Onyema Ogbuagu, MD, gets excited about finding new ways to treat HIV—and he is very enthusiastic about lenacapavir, an injection recently approved by the FDA for multi-drug resistant HIV for which he was the principal investigator. He is pleased that, throughout his career, he has seen HIV go from a “deadly disease” to a “very easy, manageable disease.”
HIV is not curable yet, but it can be treated successfully throughout someone’s lifespan. “And so, in the field, we want to ensure that the treatments we have—which for now are for a lifetime—become easier, simpler to use, and safer, and remain highly effective for our patients,” said Ogbuagu, who is associate professor of medicine (AIDS) and director of the Yale Antivirals and Vaccines Research Program of the Yale HIV/AIDS Program in the Section of Infectious Diseases of Yale School of Medicine.
Through collective pursuit in the research world, a new class of HIV treatment was born: long-acting HIV medications that target the capsid of HIV-1, which is a conical structure that harbors its genome.
“Lenacapavir is one of those agents, and it is currently the longest-acting agent approved [by the Food and Drug Administration (FDA)] for HIV treatment,” Ogbuagu said. Lenacapavir got FDA approval based on the data in Ogbuagu’s study, which has now been published in The Lancet HIV.
Lenacapavir joined a new class of antiretroviral therapy (ART) that “had never existed before,” Ogbuagu said.
Because of its novelty, the drug has a high chance of success since people have not been exposed to it before. It tackles one of the biggest issues when it comes to medication for treatment of HIV: drug resistance.
“We define [HIV multi-drug resistance] by people having resistance to two or more drugs in at least three of the four main classes of drugs, and who have fewer than two effective drugs left” to be used as treatment within each of the different classes, Ogbuagu explained.
Some people’s viral infection develops resistance to HIV treatments over time. Others have acquired HIV from people who already had developed resistance to multiple HIV medications.
“They are typically people who were on HIV treatments, and, either because they were put on the wrong medication, or they didn’t take the medication as prescribed, they can develop resistance to HIV treatments. The people in the study had multi-drug resistance,” Ogbuagu explained.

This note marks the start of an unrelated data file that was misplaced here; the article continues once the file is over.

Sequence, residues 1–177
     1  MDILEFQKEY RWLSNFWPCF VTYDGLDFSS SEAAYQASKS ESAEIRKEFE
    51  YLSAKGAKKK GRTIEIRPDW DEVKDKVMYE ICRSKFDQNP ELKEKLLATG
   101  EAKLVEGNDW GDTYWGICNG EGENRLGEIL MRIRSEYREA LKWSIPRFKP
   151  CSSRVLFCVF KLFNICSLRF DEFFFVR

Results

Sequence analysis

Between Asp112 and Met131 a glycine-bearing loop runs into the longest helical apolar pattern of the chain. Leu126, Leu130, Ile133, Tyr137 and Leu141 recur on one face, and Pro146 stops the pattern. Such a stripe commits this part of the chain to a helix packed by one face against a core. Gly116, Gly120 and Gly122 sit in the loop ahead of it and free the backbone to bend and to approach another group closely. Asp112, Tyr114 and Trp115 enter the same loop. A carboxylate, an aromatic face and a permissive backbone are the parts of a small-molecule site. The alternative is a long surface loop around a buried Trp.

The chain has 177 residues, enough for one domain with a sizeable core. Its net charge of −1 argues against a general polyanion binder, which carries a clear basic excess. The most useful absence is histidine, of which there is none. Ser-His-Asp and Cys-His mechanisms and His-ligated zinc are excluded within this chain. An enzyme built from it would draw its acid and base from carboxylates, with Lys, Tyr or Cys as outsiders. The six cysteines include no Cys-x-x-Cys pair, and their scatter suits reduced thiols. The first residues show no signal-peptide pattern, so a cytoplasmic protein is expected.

How lenacapavir is being studied
To conduct the third phase of the drug trial, Ogbuagu and colleagues treated three groups of patients with lenacapavir tablets, and with injections that went under the skin.
First, they measured how lenacapavir worked on its own to decrease the virus in the bodies of the people who participated in the trial.
There were three groups of individuals in the study. One was immediately switched off their failing treatments and placed on lenacapavir, along with at least one or more additional HIV drugs.
For the other two, the researchers randomly gave lenacapavir to one group and a placebo to the other in a 2:1 ratio for two weeks. Those who received lenacapavir tablets for the first two weeks took weekly doses. After the two weeks, they added new drugs to replace the current therapy the person was on that had not been effective.
Subsequently, they tested people to check the amount of viral copies they had in their bloodstream.
“We found that we had suppressed 88% of viral copies in the arm where people had received lenacapavir, and suppressed only 17% in people who received the placebo in the arm,” Ogbuagu noted, “and then we followed them out to a year.”
Ogbuagu added that “for a group of patients with HIV who have very limited treatment options, due to drug resistance, or intolerance, or safety concerns,” the drug managed to suppress the virus in over 80% of individuals. “That’s incredible,” he said.